Don’t Just Buy Less. Buy Nothing.
This holiday season, try something new for your shopping list. Buy nothing.
Holiday shopping is out of control. With Black Friday kick-starting the mayhem during America’s thanksgiving weekend, holiday sales and aggressive marketing campaigns lasting throughout the entire month of December, and post-holiday Boxing Day sales continuing for weeks afterwards, the consumer industry has managed to create one of the largest, the most aggressive, and lengthy shopping sprees of the year.
In America (since Canadian thanksgiving is celebrated weeks earlier), how is it that one holiday got roped into the next anyway? Instead of enjoying what’s meant to be a weekend of ‘giving thanks’ and spending time with loved ones, Americans are racing to the malls. Thanksgiving alone is a holiday that manages to consistently ignore its true origins, and according to 4-time NBA Champion John Salley, who commented on Alicia Silverstone’s The Kind Life website—supports some serious cruelty:“Turkeys are among the most abused animals on earth. The horrors these smart, sensitive birds routinely endure behind closed doors on our nation’s factory farms, all so that their tortured bodies can be the centerpiece of a holiday celebration about gratitude, are appalling and incongruent with most Americans’ values of compassion.”
Somehow, two holidays (Thanksgiving and Christmas, specifically) linked to the spirit of giving, joy, and time with loved ones, have become the most uncompassionate holidays of all.
I recall the days of shopping only a few days before Christmas years ago, and things were busy in a bustling, cheerful way, but not insane. People didn’t push and shove, die in mobs of shoppers, or pepper spray one another to get past the line.
I imagine that in the old days, people strolled down lantern-lit downtown sidewalks, tipping their hats in warm greeting as they passed one another, skating on public ice rinks with their children or friends, sledding, and enjoying warm cups of hot chocolate by a real fireplace. Perhaps people made a habit of visiting shelters as well, and organizing efforts to help the less fortunate. Much of this continues today, but it’s not mainstream, and it’s overshadowed by an anxious frenzy to get the best deals. We have gas or electric fireplaces, or worse, digital-versions of them. People don’t bother to say hello to one another, because everyone’s either rushing to their next destination, afraid to make eye contact, or buried in their smartphone. I saw an ad for the Android recently on a subway, and the tagline read, “Eye Candy, not Contact”. Stating in the open how much we’d prefer to look at a pretty phone over one another.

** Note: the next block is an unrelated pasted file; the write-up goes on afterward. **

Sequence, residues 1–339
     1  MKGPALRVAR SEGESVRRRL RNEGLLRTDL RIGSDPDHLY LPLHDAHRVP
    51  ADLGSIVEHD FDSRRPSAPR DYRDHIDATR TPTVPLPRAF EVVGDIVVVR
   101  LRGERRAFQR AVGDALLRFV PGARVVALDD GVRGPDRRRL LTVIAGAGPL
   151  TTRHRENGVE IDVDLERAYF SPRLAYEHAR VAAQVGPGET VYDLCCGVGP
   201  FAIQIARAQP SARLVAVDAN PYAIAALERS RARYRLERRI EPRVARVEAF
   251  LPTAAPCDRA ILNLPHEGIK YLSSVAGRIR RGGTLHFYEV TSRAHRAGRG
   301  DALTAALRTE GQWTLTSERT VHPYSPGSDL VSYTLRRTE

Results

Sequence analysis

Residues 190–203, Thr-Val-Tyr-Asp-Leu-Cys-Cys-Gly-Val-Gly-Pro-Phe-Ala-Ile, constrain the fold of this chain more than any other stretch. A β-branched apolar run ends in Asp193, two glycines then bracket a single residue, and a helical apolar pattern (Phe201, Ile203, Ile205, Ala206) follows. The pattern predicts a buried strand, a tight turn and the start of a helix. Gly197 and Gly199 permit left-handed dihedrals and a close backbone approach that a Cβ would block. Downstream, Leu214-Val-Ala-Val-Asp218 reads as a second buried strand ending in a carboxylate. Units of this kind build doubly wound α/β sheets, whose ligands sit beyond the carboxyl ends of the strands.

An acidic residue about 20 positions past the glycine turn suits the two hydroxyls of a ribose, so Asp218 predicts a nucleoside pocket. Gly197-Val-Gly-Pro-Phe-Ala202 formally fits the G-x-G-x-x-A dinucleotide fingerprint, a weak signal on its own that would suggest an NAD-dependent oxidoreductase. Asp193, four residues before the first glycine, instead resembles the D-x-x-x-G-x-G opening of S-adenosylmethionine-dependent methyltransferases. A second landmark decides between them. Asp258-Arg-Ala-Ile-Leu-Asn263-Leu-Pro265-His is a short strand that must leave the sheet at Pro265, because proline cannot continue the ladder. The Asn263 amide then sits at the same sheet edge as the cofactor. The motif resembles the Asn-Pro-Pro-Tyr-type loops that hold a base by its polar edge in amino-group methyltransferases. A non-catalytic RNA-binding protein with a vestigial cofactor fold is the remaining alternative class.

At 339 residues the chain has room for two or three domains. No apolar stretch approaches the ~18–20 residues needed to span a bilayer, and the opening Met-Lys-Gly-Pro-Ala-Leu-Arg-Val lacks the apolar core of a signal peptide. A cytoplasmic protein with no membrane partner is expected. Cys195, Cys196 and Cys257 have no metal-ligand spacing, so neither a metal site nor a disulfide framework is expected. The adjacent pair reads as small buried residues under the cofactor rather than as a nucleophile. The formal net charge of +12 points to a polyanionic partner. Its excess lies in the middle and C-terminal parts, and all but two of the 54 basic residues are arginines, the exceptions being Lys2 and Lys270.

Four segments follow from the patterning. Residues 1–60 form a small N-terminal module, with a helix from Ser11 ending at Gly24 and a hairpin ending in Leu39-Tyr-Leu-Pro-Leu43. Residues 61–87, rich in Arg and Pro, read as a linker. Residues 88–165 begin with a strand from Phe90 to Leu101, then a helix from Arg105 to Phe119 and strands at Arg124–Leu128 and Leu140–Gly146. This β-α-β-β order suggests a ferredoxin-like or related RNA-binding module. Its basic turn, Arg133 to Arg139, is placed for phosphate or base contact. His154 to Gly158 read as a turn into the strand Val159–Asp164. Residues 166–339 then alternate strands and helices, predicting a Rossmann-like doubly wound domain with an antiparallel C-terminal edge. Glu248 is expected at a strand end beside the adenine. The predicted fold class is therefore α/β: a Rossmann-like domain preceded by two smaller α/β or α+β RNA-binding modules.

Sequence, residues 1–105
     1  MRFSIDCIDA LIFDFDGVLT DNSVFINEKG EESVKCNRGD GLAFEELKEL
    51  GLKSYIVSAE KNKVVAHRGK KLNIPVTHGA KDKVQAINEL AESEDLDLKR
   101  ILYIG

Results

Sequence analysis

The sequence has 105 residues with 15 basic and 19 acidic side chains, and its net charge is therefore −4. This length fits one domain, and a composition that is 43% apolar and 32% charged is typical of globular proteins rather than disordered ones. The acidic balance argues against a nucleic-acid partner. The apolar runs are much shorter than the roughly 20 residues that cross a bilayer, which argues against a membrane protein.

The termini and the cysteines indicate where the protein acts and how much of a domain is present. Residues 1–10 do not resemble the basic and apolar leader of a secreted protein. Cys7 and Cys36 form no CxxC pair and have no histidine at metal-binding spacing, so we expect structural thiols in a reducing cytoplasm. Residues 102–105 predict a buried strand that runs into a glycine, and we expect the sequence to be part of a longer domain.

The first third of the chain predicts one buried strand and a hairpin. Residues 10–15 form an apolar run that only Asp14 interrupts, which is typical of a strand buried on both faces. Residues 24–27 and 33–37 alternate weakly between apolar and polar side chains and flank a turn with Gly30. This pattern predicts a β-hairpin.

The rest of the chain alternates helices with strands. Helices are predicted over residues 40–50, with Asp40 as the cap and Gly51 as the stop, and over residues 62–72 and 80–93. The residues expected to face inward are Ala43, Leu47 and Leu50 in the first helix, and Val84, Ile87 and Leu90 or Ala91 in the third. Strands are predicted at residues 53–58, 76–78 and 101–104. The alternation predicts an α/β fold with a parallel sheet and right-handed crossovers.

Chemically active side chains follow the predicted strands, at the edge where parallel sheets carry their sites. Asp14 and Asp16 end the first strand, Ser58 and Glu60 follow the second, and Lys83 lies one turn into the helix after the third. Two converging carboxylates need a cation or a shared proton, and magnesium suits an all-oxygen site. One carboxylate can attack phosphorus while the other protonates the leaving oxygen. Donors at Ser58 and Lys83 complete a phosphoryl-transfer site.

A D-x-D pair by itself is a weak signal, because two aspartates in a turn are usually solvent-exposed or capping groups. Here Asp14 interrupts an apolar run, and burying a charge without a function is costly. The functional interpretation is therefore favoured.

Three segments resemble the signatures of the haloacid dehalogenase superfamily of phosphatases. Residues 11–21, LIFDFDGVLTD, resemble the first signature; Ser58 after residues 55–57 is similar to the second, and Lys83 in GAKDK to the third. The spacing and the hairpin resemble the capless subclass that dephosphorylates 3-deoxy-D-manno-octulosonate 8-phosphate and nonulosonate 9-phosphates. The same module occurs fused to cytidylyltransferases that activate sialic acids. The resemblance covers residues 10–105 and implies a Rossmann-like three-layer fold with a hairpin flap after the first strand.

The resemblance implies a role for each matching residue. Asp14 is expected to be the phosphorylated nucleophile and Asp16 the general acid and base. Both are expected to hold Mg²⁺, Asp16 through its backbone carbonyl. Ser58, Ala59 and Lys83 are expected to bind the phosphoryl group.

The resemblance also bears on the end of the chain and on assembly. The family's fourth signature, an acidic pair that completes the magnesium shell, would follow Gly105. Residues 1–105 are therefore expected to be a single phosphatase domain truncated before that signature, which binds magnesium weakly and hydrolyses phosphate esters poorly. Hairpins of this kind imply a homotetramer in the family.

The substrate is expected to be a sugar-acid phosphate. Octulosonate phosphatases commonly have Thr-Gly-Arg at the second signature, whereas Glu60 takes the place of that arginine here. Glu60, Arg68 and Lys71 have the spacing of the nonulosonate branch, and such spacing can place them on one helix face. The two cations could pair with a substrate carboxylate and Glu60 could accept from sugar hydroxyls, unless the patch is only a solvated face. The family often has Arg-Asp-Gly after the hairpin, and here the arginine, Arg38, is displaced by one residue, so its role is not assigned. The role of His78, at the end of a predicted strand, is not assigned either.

A holiday is not supposed to be stressful, and your loved ones won’t love you less (and how dare they if they did!) if you opt not to buy them the newest iPhone on the market. Gift expectations have gotten staggeringly high, and no one can keep up anymore. Most importantly, the earth can’t keep up with our consumptive sprawl, and it’s a slap in the face to those around the world that can’t even afford to eat. That’s why it’s time to give it all up, and #OCCUPYXMAS.
As Adbusters puts it:“Historically, Buy Nothing Day has been about fasting from hyper consumerism – a break from the cash register and reflecting on how dependent we really are on conspicuous consumption. On this 20th anniversary of Buy Nothing Day, we take it to the next level, marrying it with the message of #occupy…We #OCCUPYXMAS”.
So this holiday, try something new, and try buying nothing at all.
Enjoy this old relic we love of a CNN interview with Kalle Lasn, founder of Adbusters on the origins of Buy Nothing Day.
(Original Image from Adbusters)